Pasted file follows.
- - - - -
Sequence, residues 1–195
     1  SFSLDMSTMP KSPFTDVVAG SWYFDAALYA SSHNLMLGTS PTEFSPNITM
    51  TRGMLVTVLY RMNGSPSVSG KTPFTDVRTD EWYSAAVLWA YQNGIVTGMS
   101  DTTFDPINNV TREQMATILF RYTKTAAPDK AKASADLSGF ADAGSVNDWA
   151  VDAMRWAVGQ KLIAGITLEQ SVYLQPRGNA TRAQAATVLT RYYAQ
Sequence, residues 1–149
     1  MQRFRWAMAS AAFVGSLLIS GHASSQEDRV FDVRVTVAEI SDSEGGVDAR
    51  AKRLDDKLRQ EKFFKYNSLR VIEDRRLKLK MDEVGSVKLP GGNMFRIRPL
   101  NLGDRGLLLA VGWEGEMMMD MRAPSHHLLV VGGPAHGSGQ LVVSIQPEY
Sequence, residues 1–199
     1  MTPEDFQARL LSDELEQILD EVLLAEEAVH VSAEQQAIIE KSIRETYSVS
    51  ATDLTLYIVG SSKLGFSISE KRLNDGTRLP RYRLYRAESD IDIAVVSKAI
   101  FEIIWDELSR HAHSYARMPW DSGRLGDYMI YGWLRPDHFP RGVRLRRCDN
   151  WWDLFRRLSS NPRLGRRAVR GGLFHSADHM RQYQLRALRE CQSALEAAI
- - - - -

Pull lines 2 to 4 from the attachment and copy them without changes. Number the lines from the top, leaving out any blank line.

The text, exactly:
     1  SFSLDMSTMP KSPFTDVVAG SWYFDAALYA SSHNLMLGTS PTEFSPNITM
    51  TRGMLVTVLY RMNGSPSVSG KTPFTDVRTD EWYSAAVLWA YQNGIVTGMS
   101  DTTFDPINNV TREQMATILF RYTKTAAPDK AKASADLSGF ADAGSVNDWA